Dr. Erin Jones discusses family medicine clinical rotations and effective patient activism. She serves on the faculty at the University of Southern California and as a virtual healthcare professional at 98point6.
- [01:45] Why Family Medicine?
- [02:54] Tips to Succeed on a Clinical Rotation
- [05:03] Setting Expectations with Attendings
- [07:05] How Physicians Can Advocate for Patients
- [11:24] How Physicians Can Engage in Activism
- [19:07] Healthcare & Politics
- [24:24] Advice for Pre-Meds and Medical Students
Dr. Erkeda DeRouen chats with Dr. Erin Jones, a family medicine physician who has lots of experience with teaching and caring for students. She is also fellowship-trained in adolescent and young adult care. Currently, she serves on the faculty at the University of Southern California and as a virtual healthcare professional at 98point6.
Why Family Medicine?
Dr. Jones is passionate about family medicine because it allows her to engage with the entirety of a patient or person. Her patients share their struggles, such as food insecurity, lack of support for an addiction, and their inability to pay medical bills. She is also interested in the dynamics of family, and how the struggles of parents can be passed on to their children.
Tips to Succeed on a Clinical Rotation
First, Dr. Jones encourages students to be excited, eager, well-slept, and eager to work hard for the day. Besides this, they should be willing to go beyond their expertise as physicians — for example, supporting someone through an IUD insertion, or helping a patient with a injury to get to their vehicle. This is all part of an ethical medical system.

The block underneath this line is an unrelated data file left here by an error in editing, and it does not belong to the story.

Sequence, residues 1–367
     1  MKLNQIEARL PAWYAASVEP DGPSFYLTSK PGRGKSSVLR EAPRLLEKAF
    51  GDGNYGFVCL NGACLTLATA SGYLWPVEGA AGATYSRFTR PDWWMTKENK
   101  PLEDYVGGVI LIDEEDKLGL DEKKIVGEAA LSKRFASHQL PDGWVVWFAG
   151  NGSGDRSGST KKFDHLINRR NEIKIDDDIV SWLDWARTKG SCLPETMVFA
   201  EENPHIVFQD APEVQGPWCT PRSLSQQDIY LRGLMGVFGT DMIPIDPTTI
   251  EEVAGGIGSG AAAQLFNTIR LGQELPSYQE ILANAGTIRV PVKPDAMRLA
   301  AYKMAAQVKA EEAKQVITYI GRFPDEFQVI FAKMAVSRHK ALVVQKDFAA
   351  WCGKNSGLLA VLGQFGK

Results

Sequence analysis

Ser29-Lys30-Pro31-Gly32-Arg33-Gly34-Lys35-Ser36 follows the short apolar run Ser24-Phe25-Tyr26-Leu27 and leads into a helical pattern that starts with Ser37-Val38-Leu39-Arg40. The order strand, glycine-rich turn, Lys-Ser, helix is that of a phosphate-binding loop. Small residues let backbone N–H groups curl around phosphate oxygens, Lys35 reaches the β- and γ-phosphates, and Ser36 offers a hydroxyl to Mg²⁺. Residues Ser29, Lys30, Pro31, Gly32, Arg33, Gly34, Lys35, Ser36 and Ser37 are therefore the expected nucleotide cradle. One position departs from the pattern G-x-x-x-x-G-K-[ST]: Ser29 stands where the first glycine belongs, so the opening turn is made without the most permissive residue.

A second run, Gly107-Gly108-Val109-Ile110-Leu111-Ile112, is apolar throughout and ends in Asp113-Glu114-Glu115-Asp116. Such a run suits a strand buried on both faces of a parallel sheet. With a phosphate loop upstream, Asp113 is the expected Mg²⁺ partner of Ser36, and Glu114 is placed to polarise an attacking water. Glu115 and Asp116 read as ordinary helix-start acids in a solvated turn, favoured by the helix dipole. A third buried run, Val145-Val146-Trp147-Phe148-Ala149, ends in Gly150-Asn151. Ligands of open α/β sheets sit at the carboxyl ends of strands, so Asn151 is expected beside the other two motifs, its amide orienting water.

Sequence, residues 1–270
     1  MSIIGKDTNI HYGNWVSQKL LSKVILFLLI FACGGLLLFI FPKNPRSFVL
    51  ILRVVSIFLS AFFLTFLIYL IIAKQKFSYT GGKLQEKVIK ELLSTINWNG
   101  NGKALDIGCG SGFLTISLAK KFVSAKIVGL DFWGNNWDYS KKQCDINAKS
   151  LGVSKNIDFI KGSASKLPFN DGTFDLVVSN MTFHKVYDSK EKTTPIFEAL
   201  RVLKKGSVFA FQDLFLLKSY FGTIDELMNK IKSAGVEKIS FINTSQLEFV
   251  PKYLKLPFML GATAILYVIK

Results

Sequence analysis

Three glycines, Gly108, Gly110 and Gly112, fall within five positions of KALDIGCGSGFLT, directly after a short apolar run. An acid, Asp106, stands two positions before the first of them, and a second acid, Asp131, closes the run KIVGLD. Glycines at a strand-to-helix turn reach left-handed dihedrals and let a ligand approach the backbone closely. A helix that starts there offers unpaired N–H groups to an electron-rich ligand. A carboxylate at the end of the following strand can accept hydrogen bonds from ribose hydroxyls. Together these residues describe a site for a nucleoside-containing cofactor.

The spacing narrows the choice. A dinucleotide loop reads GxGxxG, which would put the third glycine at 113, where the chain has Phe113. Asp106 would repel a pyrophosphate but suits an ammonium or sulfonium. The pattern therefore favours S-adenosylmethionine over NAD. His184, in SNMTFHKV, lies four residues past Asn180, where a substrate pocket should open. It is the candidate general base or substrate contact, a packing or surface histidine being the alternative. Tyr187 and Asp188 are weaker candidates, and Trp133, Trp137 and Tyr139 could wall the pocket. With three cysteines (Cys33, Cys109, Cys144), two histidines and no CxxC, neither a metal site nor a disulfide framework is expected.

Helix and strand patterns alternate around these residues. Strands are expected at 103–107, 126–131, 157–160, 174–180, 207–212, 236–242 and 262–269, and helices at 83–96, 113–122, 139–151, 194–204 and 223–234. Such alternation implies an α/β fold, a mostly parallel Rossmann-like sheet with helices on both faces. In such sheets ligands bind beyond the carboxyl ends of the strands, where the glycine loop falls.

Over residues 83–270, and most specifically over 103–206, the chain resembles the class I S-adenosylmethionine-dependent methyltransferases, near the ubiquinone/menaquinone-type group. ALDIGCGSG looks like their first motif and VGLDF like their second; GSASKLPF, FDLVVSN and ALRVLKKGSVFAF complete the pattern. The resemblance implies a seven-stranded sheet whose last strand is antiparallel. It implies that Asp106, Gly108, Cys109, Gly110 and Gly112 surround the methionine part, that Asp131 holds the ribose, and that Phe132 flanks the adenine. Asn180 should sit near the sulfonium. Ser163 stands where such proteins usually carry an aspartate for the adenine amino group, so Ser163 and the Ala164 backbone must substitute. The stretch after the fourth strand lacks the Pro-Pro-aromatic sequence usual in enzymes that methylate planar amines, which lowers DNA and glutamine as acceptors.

It is also crucial for students to determine the expectations of their attending. Students should ask for expectations at the very beginning of the rotation, and also frequently request feedback from their attending.
How Physicians Can Advocate for Their Patients
Dr. Jones has a three-step process for physicians to advocate for their patients:
- Listen to their struggles. It is impossible to adequately help without first listening.
- To count means to observe patterns in patients. For example, if there are disproportionately more younger patients compared to older patients, why?
- Asking this “why” is the third step. Once you can determine the “why” you can begin to advocate for patients.
Physicians and Activism
Due to COVID-19, there has emerged a slowdown, and an opening for discussing many social issues such as police brutality and climate change. Dr. Jones encourages physicians to use their voices, and to not separate issues like health care from racism and police brutality. Instead, they should acknowledge both systemic and individual oppression. It is difficult for a patient to trust a physician who will not, of their own volition, support basic human rights, and oppose brutality and injustice.
Healthcare is political. Issues like the Affordable Care Act and the absence of universal healthcare in the US, as well as more local healthcare issues are determined by the policies of politicians, even though these should be nonpartisan issues. Therefore, remember to vote, and use every opportunity to encourage others to vote as well!
Check out Dr. Jones’s LinkedIn.